Hofmann honored for her contributions to the field of protein lipidation
I am honored to have received
this award and am grateful to my
colleagues for the nomination and
to Avanti Polar Lipids for their
support of this award. Lipid enzymology
is a difficult and rewarding
field pioneered by a number of courageous
individuals and it has been
a privilege to continue to work in
this great tradition. It is particularly
exciting to see protein lipidation
being recognized. The potential
for new discovery in this area is
enormous. It would not surprise me
to be treating future patients with
cancer or neurological disorders with
protein palmitoylation inhibitors
in the same way that protein kinase
inhibitors are used today.
The American Society for Biochemistry and Molecular Biology has named Sandra Hofmann at the University of Texas Southwestern Medical Center at Dallas the winner of the Avanti Award in Lipids.
Hofmann, a professor in the internal medicine department at UT-Southwestern, focuses her research on fundamental questions in lipid metabolism and protein lipidation, which has led to novel insights into the treatment of human diseases.
When Hofmann set up her own lab at UT-Southwestern, the enzymology of palmitoylation, which is the attachment of fatty acids to proteins, was unknown. Hofmann’s research led to the purification of palmitoyl protein thioesterase, or PPT1, an enzyme that removes these fatty acids from proteins. This was the first enzyme identified with a role in protein palmitoylation. The PPT1 gene eventually was mapped to a region in chromosome 1p, which also had been linked to infantile neuronal ceroid lipofuscinosis, or INCL, a devastating neurodegenerative disease in children. Her training as a clinician-scientist helped her make this link and discover that deficiencies in PPT1 cause INCL.
“Hofmann’s research is a superb example of how tackling a fundamental basic science question can lead to discoveries of great clinical significance,” explains Maurine Linder of Cornell University, who nominated Hofmann for the award.
Hofmann later developed the first mouse model of INCL. That mouse model allowed her to develop enzyme-replacement therapy. The addition of intravenous recombinant PPT1 has led to modest improvements in mice and provides the basis for further studies.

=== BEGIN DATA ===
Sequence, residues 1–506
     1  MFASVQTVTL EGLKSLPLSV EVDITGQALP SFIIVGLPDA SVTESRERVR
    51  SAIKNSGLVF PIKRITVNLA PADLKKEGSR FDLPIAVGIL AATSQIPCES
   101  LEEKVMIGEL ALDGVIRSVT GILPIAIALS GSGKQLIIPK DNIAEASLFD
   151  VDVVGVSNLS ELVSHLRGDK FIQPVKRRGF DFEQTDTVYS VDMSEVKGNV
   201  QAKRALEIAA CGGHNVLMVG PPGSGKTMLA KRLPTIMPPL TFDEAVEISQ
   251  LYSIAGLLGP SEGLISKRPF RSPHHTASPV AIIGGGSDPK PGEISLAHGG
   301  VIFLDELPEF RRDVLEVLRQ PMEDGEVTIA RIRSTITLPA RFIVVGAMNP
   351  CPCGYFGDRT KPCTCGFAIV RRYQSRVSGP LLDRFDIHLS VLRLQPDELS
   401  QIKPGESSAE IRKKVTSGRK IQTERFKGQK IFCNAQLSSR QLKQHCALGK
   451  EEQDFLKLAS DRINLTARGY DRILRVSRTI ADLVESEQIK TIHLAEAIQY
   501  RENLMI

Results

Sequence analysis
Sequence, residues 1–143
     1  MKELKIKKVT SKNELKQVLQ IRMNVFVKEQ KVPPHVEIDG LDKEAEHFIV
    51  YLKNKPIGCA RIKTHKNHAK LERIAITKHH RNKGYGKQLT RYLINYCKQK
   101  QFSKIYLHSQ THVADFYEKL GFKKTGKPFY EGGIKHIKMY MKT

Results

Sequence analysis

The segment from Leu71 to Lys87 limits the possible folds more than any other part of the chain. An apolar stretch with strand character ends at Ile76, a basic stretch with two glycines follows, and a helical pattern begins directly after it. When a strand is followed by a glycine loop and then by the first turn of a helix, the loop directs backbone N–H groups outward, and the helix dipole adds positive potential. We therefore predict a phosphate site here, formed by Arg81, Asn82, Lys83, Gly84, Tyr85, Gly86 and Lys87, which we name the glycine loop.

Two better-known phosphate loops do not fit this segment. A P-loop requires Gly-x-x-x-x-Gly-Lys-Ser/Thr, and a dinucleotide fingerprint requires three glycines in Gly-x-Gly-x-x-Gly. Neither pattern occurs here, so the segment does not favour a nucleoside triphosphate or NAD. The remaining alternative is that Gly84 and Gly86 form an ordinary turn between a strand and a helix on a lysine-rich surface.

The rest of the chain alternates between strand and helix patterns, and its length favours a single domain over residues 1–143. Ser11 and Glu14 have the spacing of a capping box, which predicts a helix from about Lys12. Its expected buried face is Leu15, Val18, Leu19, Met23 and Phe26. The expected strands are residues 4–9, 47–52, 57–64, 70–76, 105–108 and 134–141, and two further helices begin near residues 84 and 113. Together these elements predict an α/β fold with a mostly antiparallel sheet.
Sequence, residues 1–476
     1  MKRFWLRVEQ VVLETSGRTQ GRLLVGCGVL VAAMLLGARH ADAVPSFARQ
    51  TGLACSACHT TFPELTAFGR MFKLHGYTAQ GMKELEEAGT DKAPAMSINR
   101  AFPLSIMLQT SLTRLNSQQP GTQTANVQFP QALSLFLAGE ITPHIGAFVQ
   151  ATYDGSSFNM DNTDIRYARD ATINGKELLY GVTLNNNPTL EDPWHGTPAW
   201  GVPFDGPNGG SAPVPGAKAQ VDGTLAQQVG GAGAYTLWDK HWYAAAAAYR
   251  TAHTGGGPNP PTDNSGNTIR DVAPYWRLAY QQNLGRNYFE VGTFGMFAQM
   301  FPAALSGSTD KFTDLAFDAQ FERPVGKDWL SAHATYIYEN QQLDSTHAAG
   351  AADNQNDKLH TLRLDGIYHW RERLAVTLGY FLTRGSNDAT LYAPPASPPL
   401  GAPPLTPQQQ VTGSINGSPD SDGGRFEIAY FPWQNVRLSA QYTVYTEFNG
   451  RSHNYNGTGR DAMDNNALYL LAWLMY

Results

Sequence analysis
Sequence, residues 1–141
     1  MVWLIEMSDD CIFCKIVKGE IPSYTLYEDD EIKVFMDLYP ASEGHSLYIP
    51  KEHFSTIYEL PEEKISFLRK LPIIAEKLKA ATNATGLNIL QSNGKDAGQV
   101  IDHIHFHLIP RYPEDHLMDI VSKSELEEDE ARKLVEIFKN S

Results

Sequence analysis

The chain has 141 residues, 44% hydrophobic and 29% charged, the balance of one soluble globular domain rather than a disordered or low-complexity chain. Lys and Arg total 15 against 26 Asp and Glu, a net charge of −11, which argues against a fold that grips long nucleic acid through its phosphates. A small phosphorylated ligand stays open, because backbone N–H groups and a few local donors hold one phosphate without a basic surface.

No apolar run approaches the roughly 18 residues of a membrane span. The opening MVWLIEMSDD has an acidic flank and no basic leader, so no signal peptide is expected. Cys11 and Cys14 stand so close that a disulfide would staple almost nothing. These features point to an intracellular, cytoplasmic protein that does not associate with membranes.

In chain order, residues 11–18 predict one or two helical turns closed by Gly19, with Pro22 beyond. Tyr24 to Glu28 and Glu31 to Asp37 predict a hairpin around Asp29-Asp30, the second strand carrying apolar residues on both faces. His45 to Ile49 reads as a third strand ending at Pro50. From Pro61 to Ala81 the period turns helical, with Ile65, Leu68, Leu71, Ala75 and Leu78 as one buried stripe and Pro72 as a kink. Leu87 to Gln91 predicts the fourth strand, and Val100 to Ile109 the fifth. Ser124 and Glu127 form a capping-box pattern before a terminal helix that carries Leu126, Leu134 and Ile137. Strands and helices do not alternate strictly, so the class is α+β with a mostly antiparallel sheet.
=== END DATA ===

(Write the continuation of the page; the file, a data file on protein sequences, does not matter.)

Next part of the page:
Robert Deschenes of the University of South Florida says that “Hofmann’s work is a model of translational science at its best” and that he even uses her work as an example when teaching graduate and medical students.
Hofmann earned her B.A. in chemistry with the highest distinction at the University of Virginia in Charlottesville. She proceeded to earn an M.D. and Ph.D. at Washington University School of Medicine in St. Louis under the mentorship of Philip Majerus. In the Majerus lab, she made seminal contributions to the enzymology of phosphatidylinositol hydrolysis. That work provided her experience in the isolation and characterization of novel enzymes. She left Washington University to pursue postdoctoral training in the laboratory of Nobel laureates Michael Brown and Joseph Goldstein at UT-Southwestern. Hofmann has since remained at UT-Southwestern, where she has risen through the ranks to professor.
In recognition of her research, Hofmann was inducted as a member of the American Society for Clinical Investigation and the American Association of Physicians. She also chairs the Scientific Advisory Board for the Batten Disease Support and Research Association, which allows her to have a sustained influence on the field of disorders of the nervous system.
Hofmann will receive her award in San Diego at the Experimental Biology 2014 meeting, where she will deliver an award lecture. Her lecture will be at 8:30 a.m. Wednesday, April 30, in Room 6A of the San Diego Convention Center.
Mark Stewart (email@example.com
) is a Ph.D. student in the University of Alabama at Birmingham’s cancer biology program and works in the pathology department.